Above Aurora’s roots trace back to Poland but according to the press release accompanying their latest full length The Shrine of Deterioration, these days they reside in Iceland. This make the variant of black metal they’ve channeled throughout their career even more intriguing, as their slower and more deliberate pacing with only occasional bursts of intense blasting give off hints of well-known bands from both countries. For this latest release the group hasn’t deviated significantly from the gloomy, nihilistic atmosphere and harshness they’ve offered all along but somehow the overall sound has gotten even bleaker. It’s a concise listen where individual moments tend to blur together, but the darker melodies get under your skin and encourage repeat spins as a complete body of work.
“Blurred Luminosity” proves to be an appropriate opening for The Shrine of Deterioration, as the instrumental piece focuses on a slower build-up that lets haunting melodies and darkness dominate the landscape as the overall tone feels so thick that it could swallow you up. Rather than the usual blasting or jagged edges of black metal, this intro gives off a vibe that is almost closer to doom and post rock, though once the second song “Virus” kicks in the guitars add in some noticeable bite. Tempo wise Above Aurora tends to stick towards the slower or mid-tempo side, only whipping things up into faster blasting a handful of times throughout the album and instead maintaining a steady, focused path towards destruction. The way the atmosphere swirls around you and creates a feeling of melancholy and nothingness is reminiscent of both Polish mainstays Mgła and Icelandic bands like Sinmara at their slowest and least chaotic moments, yet these guys twist the formula in a way that keeps them from coming through as mere clones. At thirty-six minutes it’s a listen that flies by quickly and even with some individual songs reaching the seven to eight-minute mark it doesn’t feel like anything is stretched out further than it needs to. However, I did find there to be a similarity between how many of these ideas are constructed and as a result individual tracks tended to blur together making this an album that was better experienced as a whole entity rather than in bits and pieces.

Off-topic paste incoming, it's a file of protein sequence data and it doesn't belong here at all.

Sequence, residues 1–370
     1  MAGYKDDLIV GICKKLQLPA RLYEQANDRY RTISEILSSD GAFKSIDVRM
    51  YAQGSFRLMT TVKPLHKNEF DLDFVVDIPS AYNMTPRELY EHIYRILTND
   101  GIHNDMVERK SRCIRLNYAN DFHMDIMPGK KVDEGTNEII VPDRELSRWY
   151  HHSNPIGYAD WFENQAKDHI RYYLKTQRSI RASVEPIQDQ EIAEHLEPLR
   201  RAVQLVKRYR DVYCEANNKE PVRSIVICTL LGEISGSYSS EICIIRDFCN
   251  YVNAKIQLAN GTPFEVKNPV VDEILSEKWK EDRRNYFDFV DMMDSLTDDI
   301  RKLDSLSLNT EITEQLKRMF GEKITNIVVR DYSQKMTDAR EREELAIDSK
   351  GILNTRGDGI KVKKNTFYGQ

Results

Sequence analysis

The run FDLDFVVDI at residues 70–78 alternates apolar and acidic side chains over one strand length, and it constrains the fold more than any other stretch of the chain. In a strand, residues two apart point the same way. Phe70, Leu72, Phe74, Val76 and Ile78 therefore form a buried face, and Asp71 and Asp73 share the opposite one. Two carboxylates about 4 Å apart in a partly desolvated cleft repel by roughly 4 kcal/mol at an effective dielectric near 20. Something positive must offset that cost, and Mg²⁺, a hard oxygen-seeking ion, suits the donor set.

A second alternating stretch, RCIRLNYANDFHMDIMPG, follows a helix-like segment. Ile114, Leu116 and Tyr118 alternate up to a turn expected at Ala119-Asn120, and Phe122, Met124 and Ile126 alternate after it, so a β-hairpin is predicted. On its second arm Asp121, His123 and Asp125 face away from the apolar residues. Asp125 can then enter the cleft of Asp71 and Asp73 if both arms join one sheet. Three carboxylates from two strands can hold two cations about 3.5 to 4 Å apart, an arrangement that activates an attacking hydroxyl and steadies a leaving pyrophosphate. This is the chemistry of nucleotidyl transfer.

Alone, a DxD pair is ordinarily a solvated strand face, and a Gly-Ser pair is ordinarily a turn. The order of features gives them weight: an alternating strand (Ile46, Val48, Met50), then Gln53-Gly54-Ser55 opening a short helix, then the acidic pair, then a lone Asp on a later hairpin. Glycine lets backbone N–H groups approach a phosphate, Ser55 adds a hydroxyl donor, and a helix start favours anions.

With the focus on slower build-ups and atmosphere that’s as bleak as it gets, the band tends to space out their vocals rather than making them a constant element that bludgeons you into bits. In this regard, V.’s raspier screams often feel like an extension of the instrumentation and weave in and out of the dense bass lines and harsher guitar riffs to add jagged edges to the material. Each verse comes across as focused, and with the pauses between each one it keeps the intensity at a high level with every appearance. Where sometimes vocals in black metal feel at odds with the instrumentals as they try to be as extreme and violent as possible, Above Aurora incorporates them in a way that flows seamlessly alongside the rest of the band. It’s a small nuance, but it works to the group’s advantage and helps to differentiate them from some of the others in the genre.
With each release Above Aurora has changed incrementally rather than truly evolving, but their slower approach to black metal often feels just as bleak and razor sharp as their peers that go at double the speed. Some of the songs may blend together due to how the band tends to approach their songwriting, but the album as a whole has such a sense of desolation and decay that fans of the genre are likely to find themselves sucked in nevertheless. The Shrine of Deterioration is available from Pagan Records.
-Review by Chris Dahlberg
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